A nurse readies a dose of COVID-19 vaccine at Brattleboro Memorial Hospital earlier this year. Registration for vaccinations continues this weekend with 16- and 17-year-olds on Saturday, and all Vermonters 16 and older on Monday.

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MONTPELIER — The state is opening vaccination appointments to its youngest eligible recipients a few days early.

Vermonters ages 16-18 will be able to sign up for the Pfizer vaccine, with their parent or guardian’s consent, as of 10 a.m. Saturday, Gov. Phil Scott announced during his bi-weekly news conference on Friday.

Following the news from the CDC and FDA this morning regarding the Johnson & Johnson vaccine, the Scott Administration’s twice-weekly COVID-19 response media briefing has been moved from 11:00 a.m. to 12:00 p.m. to allow Governor Scott, Secretary Smith, Commissioner Levine and others to hear from the White House directly on a pre-scheduled 11 a.m. phone call for governors and White House officials.

That age group was to have been part of the final age banding of residents permitted to sign up on Monday. But Scott said since only one vaccine has been approved for use by children under 18, he decided to open the door for 16, 17 and 18 year olds a few days in advance.

Scott said the slight change was more than fair to younger Vermonters who have given up a great deal over the past 14 months. He hopes the head start will help older high school students “possibly enjoy the end of the school year in a much more normal way,” including high school graduation.

Sign-ups for Vermonters aged 18 through 29 will begin at 6 a.m. Monday, two hours earlier than previously scheduled.

The opening of that final age band comes as the state announced it has administered at least one dose of vaccine to more than half of eligible Vermonters. According to Agency of Human Services Secretary Mike Smith, a total of 279,400 residents have been vaccinated, with 92,900 receiving their first dose and 186,500 getting their last dose.

“It is remarkable and exciting how far we’ve come,” Smith said.

“It’s quite a significant milestone,” added Health Commissioner Dr. Mark Levine. “Seeing that statistic go up every day is really encouraging.”

A year ago, Smith said, the state was struggling with limited testing capability; now, testing is widely available and Smith urged Vermonters to continue availing themselves of that resource, as well as following health and safety guidelines. He also thanked Vermonters for their patience and perseverance.

“Although we must remain vigilant ... there is much hope,” Smith said

With federal health officials still advising a “pause” on the Johnson & Johnson vaccine due to a rare form of blood clot that affected six women out of a total of 6.8 million doses, Scott said the state would not deviate from that advice despite the very low risk, and noted no other states have done so, either.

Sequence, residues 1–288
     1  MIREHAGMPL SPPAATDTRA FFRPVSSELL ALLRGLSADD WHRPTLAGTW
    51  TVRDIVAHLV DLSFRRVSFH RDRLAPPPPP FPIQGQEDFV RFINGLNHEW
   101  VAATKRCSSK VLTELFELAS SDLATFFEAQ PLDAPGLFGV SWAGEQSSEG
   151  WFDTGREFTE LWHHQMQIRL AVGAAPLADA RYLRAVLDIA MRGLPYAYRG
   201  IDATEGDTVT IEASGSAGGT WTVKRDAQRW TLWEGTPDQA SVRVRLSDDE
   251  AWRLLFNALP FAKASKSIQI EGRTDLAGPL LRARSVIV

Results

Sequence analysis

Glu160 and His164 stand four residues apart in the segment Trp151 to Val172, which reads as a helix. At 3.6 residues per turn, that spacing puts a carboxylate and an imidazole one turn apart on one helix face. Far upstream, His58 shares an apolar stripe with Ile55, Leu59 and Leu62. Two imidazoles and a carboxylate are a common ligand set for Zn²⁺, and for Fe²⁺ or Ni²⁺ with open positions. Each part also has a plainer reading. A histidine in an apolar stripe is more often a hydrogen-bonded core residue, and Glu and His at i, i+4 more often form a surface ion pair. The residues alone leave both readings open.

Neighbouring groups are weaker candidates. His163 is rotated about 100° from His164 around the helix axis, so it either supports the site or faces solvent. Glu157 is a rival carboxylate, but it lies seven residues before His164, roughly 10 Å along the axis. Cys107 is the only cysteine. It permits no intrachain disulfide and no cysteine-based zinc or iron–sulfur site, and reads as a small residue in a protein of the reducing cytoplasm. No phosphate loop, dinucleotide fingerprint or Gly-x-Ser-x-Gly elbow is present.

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“As we’ve done from the very beginning we listened to the health experts,” Scott said.

He is hopeful Johnson & Johnson appointments will resume next week. In the meantime, Smith said all Johnson & Johnson appointments have been canceled through Friday, April 23. About 400 appointments beyond April 23 have yet to be canceled, as the state is hoping the pause will be over by then.

Anyone with a Johnson & Johnson appointment who has bot been contacted by the state should call the state vaccine line at 855-722-7878, Smith said.

Levine said the state’s seven-day case average continues to trend downward. The state’s positivity rate stands at 1.9 percent, as of Friday, with 26 people presently hospitalized and three of those in intensive care.

However, the B.1.1.7 variant of the COVID-19 virus, also known as the UK variant, has now been detected in 10 of the state’s 14 counties, Levine said, adding it’s likely that will become the dominant strain of the virus.

“It’s a stark indicator of why adherence to prevention measures is important, even now,” Levine said.

According to the Health Department’s website, a single case of that variant has been detected in both Bennington and Windham counties. But Levine cautioned that residents shouldn’t base their travel plans or behavior on that data, because the variant spreads more easily.

The number of deaths from the pandemic has increased to 242 as of Friday, Levine said.

Education Secretary Daniel French announced the Vermont Department of Children and Families will be administering a temporary food benefit for children who receive free and reduced meals at schools.

The benefit, intended to help children in hybrid and remote learning afford meals that would otherwise be offered for free or at reduced cost, will be provided to 33,00 students in 21,844 households. Families eligible for the benefit should be notified by mail by April 29, French said.

French also said the Agency of Education will be soon be publishing guidance on end-of-year events and graduation. “We’re optimistic schools will be able to hold many of thee events,” he said.

Greg Sukiennik covers Vermont government and politics for New England Newspapers. Reach him at

Greg Sukiennik has worked at all three Vermont News & Media newspapers and was their managing editor from 2017-19. He previously worked for, for the AP in Boston, and at The Berkshire Eagle in Pittsfield, Mass.